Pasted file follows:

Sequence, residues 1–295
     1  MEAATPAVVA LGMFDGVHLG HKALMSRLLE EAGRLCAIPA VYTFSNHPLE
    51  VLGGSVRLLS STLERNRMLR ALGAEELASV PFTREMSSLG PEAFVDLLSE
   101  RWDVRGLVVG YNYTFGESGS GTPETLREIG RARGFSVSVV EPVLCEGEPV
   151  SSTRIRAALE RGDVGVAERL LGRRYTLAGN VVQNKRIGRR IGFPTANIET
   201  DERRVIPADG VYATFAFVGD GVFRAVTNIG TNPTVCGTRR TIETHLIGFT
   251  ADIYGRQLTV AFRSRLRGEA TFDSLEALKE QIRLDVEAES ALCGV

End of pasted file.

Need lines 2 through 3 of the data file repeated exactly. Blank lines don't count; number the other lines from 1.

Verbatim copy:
     1  MEAATPAVVA LGMFDGVHLG HKALMSRLLE EAGRLCAIPA VYTFSNHPLE
    51  VLGGSVRLLS STLERNRMLR ALGAEELASV PFTREMSSLG PEAFVDLLSE